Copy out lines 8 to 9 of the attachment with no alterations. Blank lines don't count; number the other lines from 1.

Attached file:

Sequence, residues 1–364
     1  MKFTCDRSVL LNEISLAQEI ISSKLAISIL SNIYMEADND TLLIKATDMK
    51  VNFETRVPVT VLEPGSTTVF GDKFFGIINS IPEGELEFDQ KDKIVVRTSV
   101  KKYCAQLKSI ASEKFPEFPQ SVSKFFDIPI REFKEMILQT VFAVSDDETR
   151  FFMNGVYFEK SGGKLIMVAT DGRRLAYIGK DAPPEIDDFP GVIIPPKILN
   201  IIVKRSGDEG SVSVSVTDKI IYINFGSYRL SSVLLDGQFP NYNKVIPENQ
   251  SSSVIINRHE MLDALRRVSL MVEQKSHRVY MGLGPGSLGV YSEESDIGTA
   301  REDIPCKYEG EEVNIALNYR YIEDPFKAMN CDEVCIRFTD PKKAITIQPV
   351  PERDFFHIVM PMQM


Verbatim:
   301  REDIPCKYEG EEVNIALNYR YIEDPFKAMN CDEVCIRFTD PKKAITIQPV
   351  PERDFFHIVM PMQM